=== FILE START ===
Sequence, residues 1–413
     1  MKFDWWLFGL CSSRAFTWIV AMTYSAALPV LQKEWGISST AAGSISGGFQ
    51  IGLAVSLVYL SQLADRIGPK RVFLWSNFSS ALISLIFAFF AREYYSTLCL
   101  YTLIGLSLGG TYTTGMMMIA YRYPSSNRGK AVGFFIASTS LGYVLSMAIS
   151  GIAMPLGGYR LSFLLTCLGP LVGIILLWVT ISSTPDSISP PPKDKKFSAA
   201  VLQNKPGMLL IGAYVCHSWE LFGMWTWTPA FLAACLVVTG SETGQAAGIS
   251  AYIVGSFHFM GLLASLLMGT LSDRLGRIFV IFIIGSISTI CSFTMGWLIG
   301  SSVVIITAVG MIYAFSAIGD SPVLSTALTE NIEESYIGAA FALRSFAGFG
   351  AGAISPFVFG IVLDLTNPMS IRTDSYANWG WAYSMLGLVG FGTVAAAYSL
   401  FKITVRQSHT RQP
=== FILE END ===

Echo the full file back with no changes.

Sequence, residues 1–413
     1  MKFDWWLFGL CSSRAFTWIV AMTYSAALPV LQKEWGISST AAGSISGGFQ
    51  IGLAVSLVYL SQLADRIGPK RVFLWSNFSS ALISLIFAFF AREYYSTLCL
   101  YTLIGLSLGG TYTTGMMMIA YRYPSSNRGK AVGFFIASTS LGYVLSMAIS
   151  GIAMPLGGYR LSFLLTCLGP LVGIILLWVT ISSTPDSISP PPKDKKFSAA
   201  VLQNKPGMLL IGAYVCHSWE LFGMWTWTPA FLAACLVVTG SETGQAAGIS
   251  AYIVGSFHFM GLLASLLMGT LSDRLGRIFV IFIIGSISTI CSFTMGWLIG
   301  SSVVIITAVG MIYAFSAIGD SPVLSTALTE NIEESYIGAA FALRSFAGFG
   351  AGAISPFVFG IVLDLTNPMS IRTDSYANWG WAYSMLGLVG FGTVAAAYSL
   401  FKITVRQSHT RQP